“The problems with books are many,” intones the blogosphere’s resident philistine, Jeff Jarvis. “They are frozen in time without the means of being updated and corrected. They have no link to related knowledge, debates, and sources. They create, at best, a one-way relationship with a reader … Print is where words go to die.”
Gee whiz. I used to kind of like books. I liked that they were “frozen in time” and couldn’t be “updated and corrected.” I liked how they created a “one-way relationship” with me, the reader. I never found them to be cut off from “related knowledge, debates, and sources.” In fact, I often found that words were at their most alive when they found their way through a writer’s pen into print. What a nincompoop I was.
Jarvis’s post is a hamfisted gloss on Kevin Kelly’s New York Times article about how the digitization of text will allow books to “seep out of their bindings and weave themselves together [into] a single liquid fabric of interconnected words and ideas.” (It’s such a big thought that it can only be expressed through two metaphors.) I gave my own thoughts on Kelly’s piece last week. As Andrew Keen points out, the Washington Post reports today on John Updike’s response to Kelly’s article in a speech at BookExpo America in Washington on Saturday. After quoting a few passages from the article, Updike bit back:
Updike went on at some length, heaping scorn on Kelly’s notion that authors who no longer got paid for copies of their work could profit from it by selling “performances” or “access to the creator.” (“Now as I read it, this is a pretty grisly scenario.”)
Unlike the commingled, unedited, frequently inaccurate mass of “information” on the Web, he said, “books traditionally have edges.” But “the book revolution, which from the Renaissance on taught men and women to cherish and cultivate their individuality, threatens to end in a sparkling pod of snippets. So, booksellers,” he concluded, “defend your lonely forts. Keep your edges dry. Your edges are our edges. For some of us, books are intrinsic to our human identity.”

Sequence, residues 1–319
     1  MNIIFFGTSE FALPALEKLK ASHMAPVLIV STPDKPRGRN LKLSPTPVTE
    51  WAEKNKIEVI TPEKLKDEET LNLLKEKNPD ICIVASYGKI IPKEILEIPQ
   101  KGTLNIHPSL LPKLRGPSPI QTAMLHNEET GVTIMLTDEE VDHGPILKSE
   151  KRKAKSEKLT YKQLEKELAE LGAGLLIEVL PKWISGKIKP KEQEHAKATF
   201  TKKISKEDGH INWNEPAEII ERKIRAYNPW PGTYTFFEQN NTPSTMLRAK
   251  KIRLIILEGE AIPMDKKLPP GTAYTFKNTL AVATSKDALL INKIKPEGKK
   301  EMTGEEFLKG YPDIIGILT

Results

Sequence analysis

“Edges” is the right word. It all comes down, I think, to two different visions of culture. One is a vision of integrity – of the integrity of individuals and their works. These are the building blocks of culture. In combining them, you do not destroy their integrity, or erase their edges. It’s their edges that give the entire construction its form and its solidity: edges butted up against other edges. The other is a vision of disintegration. It devalues the individual and his work, cherishing instead a dream of a communal higher consciousness that dissolves all edges. Culture becomes a formless liquid, an “Eden of everything,” as Kelly puts it. But an Eden of everything is also, inevitably, an Eden of nothing.
The web is where culture goes to die.